The Reverend Fred Luter, Jr.
Breaking the Clergical Colorline
· January 11, 2013
As the black community overwhelmingly celebrates the re-election of our first black President, I’ve been surprised to note how few of us are aware of another groundbreaking rise to higher office achieved by one of our own. This office is pastoral, not political, yet the social implications of this occurrence are perhaps no less significant than that of President Obama’s election to the office of President of the United States. I’m talking about the Reverend Fred Luter, Jr. and his own election as president of the Southern Baptist Convention.
The Southern Baptist Convention, (S.B.C.), for those who don’t know, is the largest body of Baptists in the entire world. It is the second largest Christian body in the United States with 16 million members, second only to the Catholic Church. Given that most American Christians are Protestant, you could argue that Fred Luter, Jr., a 56-year old black man from New Orleans, stands as the most powerful religious figure in America. This is a significant fact in its own right. But it’s all the more amazing when you consider the history of the Southern Baptist Convention.
The S.B.C. has an old and venerable history in the United States, and particularly in the south. But to say that the S.B.C. has a questionable history with respect to race would be putting it mildly. It became the Southern Baptist Convention in the first place in 1845, having split with the northern Baptists because it refused to prohibit slave holding churches from sending out missionaries. Though the Baptist community even in the south had a history of racial tolerance and acceptance towards blacks throughout the 1700′s (even allowing blacks to be preachers in the south and opposing slavery), the southern Baptists gradually changed their attitude towards slavery as their membership expanded among the elite, wealthy planter class of the Southern Gentry. (Perhaps ironically, conversions of blacks in the south increased significantly as well during this time, especially among the slaves. Black Baptists formed their own organizations after the Civil War, most notably the National Baptist Association.) From that time onward, and even after the Civil War, the attitudes of Southern Baptists with regards to civil rights closely tracked that of white Southerners generally. Conservative Southern Baptists would support Jim Crow laws (though there was a moderate faction that favored desegregation) and were generally not allies of the Civil Rights Movement.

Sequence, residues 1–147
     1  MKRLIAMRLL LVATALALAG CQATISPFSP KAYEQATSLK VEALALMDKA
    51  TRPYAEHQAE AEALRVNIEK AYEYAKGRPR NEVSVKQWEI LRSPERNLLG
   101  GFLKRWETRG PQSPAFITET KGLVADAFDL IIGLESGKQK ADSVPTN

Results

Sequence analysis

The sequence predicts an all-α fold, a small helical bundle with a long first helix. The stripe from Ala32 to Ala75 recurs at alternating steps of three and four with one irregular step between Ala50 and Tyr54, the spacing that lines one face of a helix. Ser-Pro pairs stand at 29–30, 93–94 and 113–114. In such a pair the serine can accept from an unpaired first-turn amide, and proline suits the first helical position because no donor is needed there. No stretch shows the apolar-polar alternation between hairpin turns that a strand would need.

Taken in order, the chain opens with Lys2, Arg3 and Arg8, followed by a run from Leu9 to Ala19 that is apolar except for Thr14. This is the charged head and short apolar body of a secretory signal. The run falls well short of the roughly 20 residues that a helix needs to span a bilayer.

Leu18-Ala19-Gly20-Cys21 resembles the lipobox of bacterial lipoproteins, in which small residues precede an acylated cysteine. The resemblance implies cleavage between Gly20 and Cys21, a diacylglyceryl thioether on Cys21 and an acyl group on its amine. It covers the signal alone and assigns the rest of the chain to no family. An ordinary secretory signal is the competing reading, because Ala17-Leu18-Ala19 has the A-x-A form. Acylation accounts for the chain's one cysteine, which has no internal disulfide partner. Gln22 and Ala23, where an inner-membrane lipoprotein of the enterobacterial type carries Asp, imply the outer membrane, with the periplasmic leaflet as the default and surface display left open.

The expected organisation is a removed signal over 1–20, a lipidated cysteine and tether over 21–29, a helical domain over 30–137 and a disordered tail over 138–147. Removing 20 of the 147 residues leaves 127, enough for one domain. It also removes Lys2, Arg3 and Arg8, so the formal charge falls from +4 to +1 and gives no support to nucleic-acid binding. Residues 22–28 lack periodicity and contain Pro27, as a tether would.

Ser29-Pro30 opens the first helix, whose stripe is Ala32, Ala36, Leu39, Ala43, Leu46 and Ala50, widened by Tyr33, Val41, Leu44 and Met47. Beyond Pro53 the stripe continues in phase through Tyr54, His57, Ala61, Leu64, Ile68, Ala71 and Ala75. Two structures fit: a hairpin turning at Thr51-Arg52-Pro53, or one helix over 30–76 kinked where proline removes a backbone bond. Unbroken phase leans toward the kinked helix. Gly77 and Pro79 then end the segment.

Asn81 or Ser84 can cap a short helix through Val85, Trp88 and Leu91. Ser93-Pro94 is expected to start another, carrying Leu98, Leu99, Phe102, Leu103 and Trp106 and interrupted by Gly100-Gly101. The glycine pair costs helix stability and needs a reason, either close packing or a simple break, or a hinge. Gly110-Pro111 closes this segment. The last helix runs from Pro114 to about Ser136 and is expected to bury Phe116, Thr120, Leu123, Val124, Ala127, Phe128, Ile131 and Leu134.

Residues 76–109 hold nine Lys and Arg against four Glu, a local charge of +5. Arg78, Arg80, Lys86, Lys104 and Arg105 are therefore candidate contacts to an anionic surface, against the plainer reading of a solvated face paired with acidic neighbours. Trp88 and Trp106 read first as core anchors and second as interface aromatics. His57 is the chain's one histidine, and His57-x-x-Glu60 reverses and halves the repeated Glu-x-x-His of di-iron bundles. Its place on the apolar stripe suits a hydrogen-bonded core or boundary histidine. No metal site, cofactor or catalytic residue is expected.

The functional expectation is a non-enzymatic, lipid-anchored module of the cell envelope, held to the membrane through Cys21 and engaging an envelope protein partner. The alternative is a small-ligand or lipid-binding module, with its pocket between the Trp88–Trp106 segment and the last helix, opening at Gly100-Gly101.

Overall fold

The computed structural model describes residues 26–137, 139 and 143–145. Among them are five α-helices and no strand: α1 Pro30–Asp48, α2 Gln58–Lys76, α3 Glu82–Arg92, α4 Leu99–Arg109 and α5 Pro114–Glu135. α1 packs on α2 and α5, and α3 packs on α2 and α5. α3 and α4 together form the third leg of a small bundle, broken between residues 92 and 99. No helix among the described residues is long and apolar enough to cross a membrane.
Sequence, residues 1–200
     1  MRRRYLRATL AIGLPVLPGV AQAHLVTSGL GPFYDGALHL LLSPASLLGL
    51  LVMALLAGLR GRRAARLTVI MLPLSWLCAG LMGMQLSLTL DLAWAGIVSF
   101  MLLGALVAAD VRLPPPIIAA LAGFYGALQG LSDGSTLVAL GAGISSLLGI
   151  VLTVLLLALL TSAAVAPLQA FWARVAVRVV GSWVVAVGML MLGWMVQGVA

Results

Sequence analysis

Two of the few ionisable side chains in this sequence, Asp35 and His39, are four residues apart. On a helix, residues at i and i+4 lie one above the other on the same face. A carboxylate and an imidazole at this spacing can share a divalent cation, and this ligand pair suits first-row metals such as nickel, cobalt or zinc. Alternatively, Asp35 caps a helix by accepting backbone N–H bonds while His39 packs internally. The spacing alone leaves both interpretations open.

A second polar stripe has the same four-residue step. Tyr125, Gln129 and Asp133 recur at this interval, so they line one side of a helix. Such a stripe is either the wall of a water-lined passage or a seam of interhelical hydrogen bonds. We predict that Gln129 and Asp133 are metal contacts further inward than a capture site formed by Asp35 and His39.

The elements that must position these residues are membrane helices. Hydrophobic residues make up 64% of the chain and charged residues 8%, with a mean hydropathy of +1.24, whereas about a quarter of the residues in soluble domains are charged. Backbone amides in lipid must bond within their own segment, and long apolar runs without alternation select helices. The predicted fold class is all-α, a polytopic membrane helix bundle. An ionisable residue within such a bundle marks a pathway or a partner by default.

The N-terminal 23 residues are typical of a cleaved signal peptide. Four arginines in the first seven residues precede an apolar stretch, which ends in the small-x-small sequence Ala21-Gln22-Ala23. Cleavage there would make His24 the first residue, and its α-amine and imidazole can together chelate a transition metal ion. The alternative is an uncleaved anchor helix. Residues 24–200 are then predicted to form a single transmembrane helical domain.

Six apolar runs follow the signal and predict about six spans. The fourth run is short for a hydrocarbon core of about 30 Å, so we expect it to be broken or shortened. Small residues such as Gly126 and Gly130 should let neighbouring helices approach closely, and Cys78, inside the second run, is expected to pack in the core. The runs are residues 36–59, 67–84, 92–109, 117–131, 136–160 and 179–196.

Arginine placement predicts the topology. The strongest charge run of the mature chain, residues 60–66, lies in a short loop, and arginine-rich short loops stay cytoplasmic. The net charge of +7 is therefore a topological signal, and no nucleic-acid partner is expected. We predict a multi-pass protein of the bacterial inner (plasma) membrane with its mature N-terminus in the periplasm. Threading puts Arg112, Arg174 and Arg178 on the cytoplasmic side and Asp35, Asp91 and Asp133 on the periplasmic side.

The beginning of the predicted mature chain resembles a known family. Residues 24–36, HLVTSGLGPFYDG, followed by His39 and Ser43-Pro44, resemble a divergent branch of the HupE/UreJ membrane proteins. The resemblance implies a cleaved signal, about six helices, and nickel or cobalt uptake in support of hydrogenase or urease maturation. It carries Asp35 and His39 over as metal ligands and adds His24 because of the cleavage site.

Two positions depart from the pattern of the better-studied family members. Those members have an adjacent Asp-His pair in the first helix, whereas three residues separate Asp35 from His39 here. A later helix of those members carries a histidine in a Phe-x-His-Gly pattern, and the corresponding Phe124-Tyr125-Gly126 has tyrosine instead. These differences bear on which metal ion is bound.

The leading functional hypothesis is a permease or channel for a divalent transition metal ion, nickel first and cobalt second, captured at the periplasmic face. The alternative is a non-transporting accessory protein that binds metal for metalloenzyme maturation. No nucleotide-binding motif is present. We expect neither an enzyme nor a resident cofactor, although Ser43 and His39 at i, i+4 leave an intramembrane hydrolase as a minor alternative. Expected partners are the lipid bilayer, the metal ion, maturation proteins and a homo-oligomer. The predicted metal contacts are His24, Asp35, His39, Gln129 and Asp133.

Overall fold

All this of course makes the election of Fred Luter, Jr. to the presidency of the S.B.C. (he was elected unopposed by the delegates at the convention; itself a first in S.B.C. history) all the more striking. A jovial yet fiery personality behind the pulpit, the senior minister of the Franklin Avenue Baptist Church in New Orleans Reverend Luter was born the third of five children and raised by his divorced mother who made ends meet as a seamstress and as a surgical scrub assistant. He turned to God at the age of 21 after a motorcycle accident nearly killed him, leaving him with a head injury and a compound fracture. He began as a street preacher and ultimately found his way to Franklin Avenue in 1983, ultimately leading the growth of the church to 7,000 people prior to Hurricane Katrina in 2005; after which Reverend Luter was noted for his leadership in rebuilding the congregation following unparalleled devastation left in the Hurricane’s wake, rebuilding a crushed and demoralized congregation back up to a membership of 5,000 as of his election to the presidency of S.B.C in June of last year. He finishes his one year term in June of this year.
If it is a testament to the degree to which minds and hearts have changed over the many generations of this country’s racial history unto now that Revered Luter could be elected President of a body of primarily white Christians with roots deep in slavery and segregation, it is also perhaps a testament to the power of the Christian message of love and forgiveness, even when articulated across the boundaries and tensions of the color-line. Reverend Luter recalled having been invited to preach at a Baptist church in Crowley, Louisiana, in the early ’90′s (the first time he preached outside of New Orleans). It was a strictly white congregation, and the pastor who invited Reverend Luter to speak had become nervous about how his congregants would react to a black preacher.
“Just don’t put my picture up,” Luter instructed him, preferring to leave it a surprise. Indeed his audience was silent and tense when Fred Luter astonished them with his presence. But then he spoke of the grace and the goodness of God in the warm, approachable manner for which he is known. Their attitudes changed even that night. One woman from the crowd would approach Reverend Luter afterwards, admitting to him that she had begun by feeling angry that a black man was preaching at her church…and ended by thanking God he came.